Q&A with Jeff Guinn

Elise Cooper: Do you think this book is a realistic look at the western frontier?


Jeff Guinn: Yes, which is why I included blowing dust, bad whiskey, and smelly outhouses. Seriously, conditions in that region were very extreme and hard. Anyone who survived out there in one way or another was a hero, both men and women. What was written in this book reflects what was going on all over the frontier. That is why I included the quote, ‘The simplest conveniences in civilized places were complicated in Glorious.’


EC: Did you want to contrast Saint Louis and Glorious?


JG: Yes. Saint Louis was the line of de-embarkation with civilization to the East of it and the primitive frontier to the West. People have this romantic notion of getting into a Stagecoach and traveling to the west. In actuality, you would get seasick and your rear end would start to hurt from bouncing up and down on plank seating.


EC: Is Glorious a real town?


JG: I drove around Arizona trying to find a spot. There is this real silver mining town called Superior that is east of Florence, at the base of the Pinal Mountains, with a creek by it. The settings in the book include the real places of Queen Creek, Apache Leap, and Picket Post Mountain. It is sixty miles west of Phoenix and is one of the most beautiful places in this country.


EC: Since you write about prospectors in the book and Superior is a real silver mining town did you try your hand at prospecting?


JG: I did not want to write about it if I did not try my hand at it myself. I found out it is really hard because it is hot, there is a lot of up and down climbing, steep hills, and when you hammer a rock it tends to hit back, vibrating all through your arm and hand. Now that I had done it once I do not see myself doing it again.


EC: How would you describe Cash?


JG: The antithesis of Matt Dillon. He is not the perfect hero who can out shoot, out fight, and is honest to a fault. He is flawed in the beginning of the book: selfish, impulsive, and uncaring. Hopefully throughout the book he grows and becomes a better person.


EC: How would you describe Gabrielle?


JG: An independent woman, brave, smart, tough with a lot of common sense. What happens in the relationship with Cash will be her decision. In fact, Cash comes to Glorious thinking she will take him back, not realizing that she has made a life of her own. I did not want to write a woman protagonist who is one dimensional, frightened, and has to be rescued. That is definitely not what a frontier woman was like because in many ways they were tougher than men.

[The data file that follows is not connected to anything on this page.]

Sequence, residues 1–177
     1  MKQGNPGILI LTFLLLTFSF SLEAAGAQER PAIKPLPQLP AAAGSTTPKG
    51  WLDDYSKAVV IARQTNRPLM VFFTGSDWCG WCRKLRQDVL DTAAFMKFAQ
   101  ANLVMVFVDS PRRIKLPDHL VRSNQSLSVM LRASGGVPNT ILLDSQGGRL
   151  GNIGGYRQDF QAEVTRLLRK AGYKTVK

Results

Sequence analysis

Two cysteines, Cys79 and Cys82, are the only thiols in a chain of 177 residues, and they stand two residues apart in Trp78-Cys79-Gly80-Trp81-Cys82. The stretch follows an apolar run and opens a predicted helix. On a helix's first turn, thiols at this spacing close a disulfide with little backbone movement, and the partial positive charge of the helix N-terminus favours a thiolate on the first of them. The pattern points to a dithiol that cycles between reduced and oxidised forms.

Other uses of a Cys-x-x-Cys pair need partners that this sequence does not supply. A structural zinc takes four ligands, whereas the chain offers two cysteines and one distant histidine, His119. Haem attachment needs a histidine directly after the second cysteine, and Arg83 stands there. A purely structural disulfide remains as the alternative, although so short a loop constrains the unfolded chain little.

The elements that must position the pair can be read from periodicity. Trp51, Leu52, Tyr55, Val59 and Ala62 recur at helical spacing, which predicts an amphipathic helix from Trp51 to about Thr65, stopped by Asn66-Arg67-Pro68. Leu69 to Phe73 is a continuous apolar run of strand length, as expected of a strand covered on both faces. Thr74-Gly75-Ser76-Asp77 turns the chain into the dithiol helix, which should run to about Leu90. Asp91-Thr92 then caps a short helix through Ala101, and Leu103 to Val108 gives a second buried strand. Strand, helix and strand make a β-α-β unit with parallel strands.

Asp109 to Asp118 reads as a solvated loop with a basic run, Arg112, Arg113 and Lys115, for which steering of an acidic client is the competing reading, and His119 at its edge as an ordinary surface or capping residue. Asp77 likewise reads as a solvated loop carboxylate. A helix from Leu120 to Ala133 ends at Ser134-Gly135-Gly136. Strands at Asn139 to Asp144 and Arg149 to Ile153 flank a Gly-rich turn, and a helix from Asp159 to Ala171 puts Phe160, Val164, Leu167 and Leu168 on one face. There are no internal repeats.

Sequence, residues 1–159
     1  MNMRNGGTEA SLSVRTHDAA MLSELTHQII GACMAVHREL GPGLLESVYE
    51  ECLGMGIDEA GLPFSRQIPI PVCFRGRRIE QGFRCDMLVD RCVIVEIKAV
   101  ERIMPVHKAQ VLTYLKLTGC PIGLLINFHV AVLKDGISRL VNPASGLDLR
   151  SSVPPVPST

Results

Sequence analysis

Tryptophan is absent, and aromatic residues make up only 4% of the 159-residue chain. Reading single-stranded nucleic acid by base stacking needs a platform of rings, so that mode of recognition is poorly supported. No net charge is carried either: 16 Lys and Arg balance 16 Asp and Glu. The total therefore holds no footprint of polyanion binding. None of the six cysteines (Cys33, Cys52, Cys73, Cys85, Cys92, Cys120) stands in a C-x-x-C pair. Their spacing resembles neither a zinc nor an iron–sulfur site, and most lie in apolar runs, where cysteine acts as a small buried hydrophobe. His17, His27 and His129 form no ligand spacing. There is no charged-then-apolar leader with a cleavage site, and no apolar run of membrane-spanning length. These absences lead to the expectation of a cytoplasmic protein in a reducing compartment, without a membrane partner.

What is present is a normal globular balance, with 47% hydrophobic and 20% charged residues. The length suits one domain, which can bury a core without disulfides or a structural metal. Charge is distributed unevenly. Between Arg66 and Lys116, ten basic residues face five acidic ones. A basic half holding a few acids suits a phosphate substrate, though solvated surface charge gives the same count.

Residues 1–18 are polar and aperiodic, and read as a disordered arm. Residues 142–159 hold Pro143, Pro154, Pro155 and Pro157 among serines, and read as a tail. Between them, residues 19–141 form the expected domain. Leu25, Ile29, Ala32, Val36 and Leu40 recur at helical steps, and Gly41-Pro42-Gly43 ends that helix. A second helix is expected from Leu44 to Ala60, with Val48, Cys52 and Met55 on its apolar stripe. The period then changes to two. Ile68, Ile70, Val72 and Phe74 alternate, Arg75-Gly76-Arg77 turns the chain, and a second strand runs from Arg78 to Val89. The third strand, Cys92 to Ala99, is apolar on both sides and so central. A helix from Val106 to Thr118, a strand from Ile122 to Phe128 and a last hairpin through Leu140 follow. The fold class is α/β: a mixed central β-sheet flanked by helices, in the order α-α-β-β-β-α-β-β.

EC: How did you come upon the name for the sheriff Joe Saint?


JG: Anytime I meet people with interesting names I ask them if I can use them for my characters. A friend of mine married someone with that name so I asked him and decided to use it for the sheriff since he is a good, decent human being.


EC: You have the classic western theme of the rich rancher trying to take over the town. True?


JG: Historically that has happened and is still happening. One person usually runs small towns. Then as well as today there is corruption, shady business practices, and powerful businesses trying to crush the small businessman. Someone tries to gain the upper hand by making all the money at the expense of the individual who is trying to achieve the American dream. Cash tries to escape it in Saint Louis only to find it happening again in Glorious. However, with that said, in fairness, towns centered on ore needed the big business to come in and take over the mining. Prospectors could only hope to find the silver, file a claim, and then sell it to a large company because excavating it was very expensive. This is what I showed in the book.


EC: What did you want readers to get out of the book?


JG: I hope readers will end up respecting and admiring those who lived in the frontier. This book is a testimonial to those who stayed. Besides good entertainment I wanted to write a realistic historical book that is an accurate picture. A novel that is informative and fun.


EC: Can you give a heads up about your next book?


JG: I know I left a lot up in the air, but it is a three book series. I promise that everything will be tied up over the course of the three books. Remember that settlement communities like Glorious usually lasted about three years. Then the towns dwindled and blinked out. In book two the characters of Glorious will only be provincial but will come back in the spotlight for book three. The second book has Cash, on his own, having to learn fighting skills or he will die. Readers will also find out what happens to MacPherson. Regarding the love triangle between Gabrielle, Cash, and Joe book three will have a conclusion and people will find out who she loves and what feelings she has for Cash, if any at all.